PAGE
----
Sometimes a vocation is the result of an anomaly. Lo Bailly can testify to this. Born into a family that was stranger to the world of music, the Brussels-based singer began his path by finding a synth and a guitar in a corner of his parents's house. If nobody knows where these instruments come from, Lo Bailly knows where he is going. Self-taught pianist, trained in journalism and political communication, he quickly put his writing skills to music. Sharp pen, sharp writing, the artist puts
words to his emotions.
An adept of the spoken word, heir to the Beat Generation poets, Lo Bailly first followed in the footsteps of artists such as Veence Hanao or Scylla by winning, like them, the Du F. dans le Texte competition. In the following months, the singer gives a glimpse of "Parades". Doped by a chiaroscuro writing, this first E.P. spreads its melancholic charmsat the crossroads of genres. Between electronic pulsations, French song and urban poetry, Lo Bailly's flow embraces piano notes, caressed with his fingertips.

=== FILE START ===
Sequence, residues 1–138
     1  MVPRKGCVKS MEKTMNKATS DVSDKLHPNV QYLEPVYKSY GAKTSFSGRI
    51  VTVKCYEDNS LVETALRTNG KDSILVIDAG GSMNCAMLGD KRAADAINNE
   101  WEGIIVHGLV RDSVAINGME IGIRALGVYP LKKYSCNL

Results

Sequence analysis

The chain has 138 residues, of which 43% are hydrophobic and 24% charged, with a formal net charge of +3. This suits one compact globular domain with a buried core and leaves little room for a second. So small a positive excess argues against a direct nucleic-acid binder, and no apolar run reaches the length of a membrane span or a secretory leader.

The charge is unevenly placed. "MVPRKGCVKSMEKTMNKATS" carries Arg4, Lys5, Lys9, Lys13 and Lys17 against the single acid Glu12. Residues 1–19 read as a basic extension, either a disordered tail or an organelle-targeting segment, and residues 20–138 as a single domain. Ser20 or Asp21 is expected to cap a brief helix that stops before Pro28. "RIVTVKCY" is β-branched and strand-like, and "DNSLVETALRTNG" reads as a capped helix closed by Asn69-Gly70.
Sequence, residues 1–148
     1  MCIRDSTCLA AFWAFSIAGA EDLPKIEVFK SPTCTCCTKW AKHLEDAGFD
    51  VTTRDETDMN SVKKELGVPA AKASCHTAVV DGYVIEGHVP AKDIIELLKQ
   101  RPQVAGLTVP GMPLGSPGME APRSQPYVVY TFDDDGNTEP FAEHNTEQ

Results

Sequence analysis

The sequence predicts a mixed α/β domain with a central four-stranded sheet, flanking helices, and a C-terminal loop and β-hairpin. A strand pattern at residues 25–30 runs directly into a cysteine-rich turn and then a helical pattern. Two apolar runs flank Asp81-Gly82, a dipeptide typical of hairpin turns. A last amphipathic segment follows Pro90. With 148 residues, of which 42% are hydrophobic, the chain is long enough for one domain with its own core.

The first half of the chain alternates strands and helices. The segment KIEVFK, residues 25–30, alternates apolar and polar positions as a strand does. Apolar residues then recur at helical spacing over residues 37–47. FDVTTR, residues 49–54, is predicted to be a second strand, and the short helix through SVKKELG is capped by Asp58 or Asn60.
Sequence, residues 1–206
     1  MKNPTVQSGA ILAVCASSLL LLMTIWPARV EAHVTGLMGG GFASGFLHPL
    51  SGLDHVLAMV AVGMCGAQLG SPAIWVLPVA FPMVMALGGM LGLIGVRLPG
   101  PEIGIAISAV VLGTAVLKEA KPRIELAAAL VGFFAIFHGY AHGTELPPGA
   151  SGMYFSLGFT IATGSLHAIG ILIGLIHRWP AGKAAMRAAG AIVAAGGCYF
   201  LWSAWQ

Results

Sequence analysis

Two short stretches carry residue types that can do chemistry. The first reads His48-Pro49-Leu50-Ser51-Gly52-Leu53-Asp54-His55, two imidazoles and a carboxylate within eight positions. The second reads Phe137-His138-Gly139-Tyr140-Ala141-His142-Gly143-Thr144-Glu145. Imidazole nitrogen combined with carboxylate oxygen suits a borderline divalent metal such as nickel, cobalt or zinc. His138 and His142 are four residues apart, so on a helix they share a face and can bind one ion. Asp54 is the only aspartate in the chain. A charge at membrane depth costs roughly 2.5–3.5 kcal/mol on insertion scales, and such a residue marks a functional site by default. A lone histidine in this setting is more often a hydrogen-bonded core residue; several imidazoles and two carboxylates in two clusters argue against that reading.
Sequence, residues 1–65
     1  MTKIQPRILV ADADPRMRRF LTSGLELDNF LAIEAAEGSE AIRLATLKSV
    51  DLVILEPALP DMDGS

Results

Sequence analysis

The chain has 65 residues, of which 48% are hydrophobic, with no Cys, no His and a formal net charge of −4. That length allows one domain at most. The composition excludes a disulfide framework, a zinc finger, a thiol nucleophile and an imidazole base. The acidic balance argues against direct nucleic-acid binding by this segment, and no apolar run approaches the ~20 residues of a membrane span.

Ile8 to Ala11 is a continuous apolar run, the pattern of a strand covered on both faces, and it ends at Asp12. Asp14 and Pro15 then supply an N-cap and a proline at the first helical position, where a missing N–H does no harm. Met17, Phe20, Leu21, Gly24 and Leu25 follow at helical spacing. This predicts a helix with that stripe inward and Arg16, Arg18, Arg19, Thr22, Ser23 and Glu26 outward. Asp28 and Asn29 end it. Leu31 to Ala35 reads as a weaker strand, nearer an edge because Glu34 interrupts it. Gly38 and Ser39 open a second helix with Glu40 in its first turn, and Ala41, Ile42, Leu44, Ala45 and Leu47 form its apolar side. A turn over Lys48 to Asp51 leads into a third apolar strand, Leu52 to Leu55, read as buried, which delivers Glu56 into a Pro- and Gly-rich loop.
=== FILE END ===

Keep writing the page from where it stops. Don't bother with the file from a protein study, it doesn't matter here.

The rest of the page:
This unique style is now exposed over the length of an album. The glow in his voice, Lo Bailly illuminates an era plunged into darkness. Fatalist, but never resigning,
the man from Brussels braves reality and contemplates our lives without hypocrisy or pretence. Closer to reality and the jolts of the modern world, the singer dissects human nature through uncompromising observations. In the end, Lo Bailly's songs probe the depths of the soul to sketch out a finely tuned work. Crafted alongside drummer Antoine Pierre (Vaague, TaxiWars) and producer Olvo, the first season of "Prosaïque" lifts the veil on a series with no downtime.
Produced by Lo Bailly, mixed by Staf Verbeeck (Selah Sue, BRNS, Hooverphonic), this first album offers an alternative to the French song. On a track like "Coléoptères", for example, the author and composer touches the anticipation story through a sublime piano-voice. Composed well before the first Russian strikes on the Ukraine, the song surveys the ruins of capitalism with the glance turned towards the Caspian Sea. Visionary. Elsewhere, the formula elaborated by the Belgian artist reaches real heights of expressiveness ("Palabres", "HS"). Lived by fictitious characters and others, like FKJ, very real, these five new pieces cultivate the love of risk and critical sense. On some tracks, Lo Bailly opens up musically and gives way to more rock sounds ("Ambulance", "Tarim").
Away from bling-bling and formatted choruses, Lo Bailly sings our reality and points out ways of thinking. For a future full of emotion.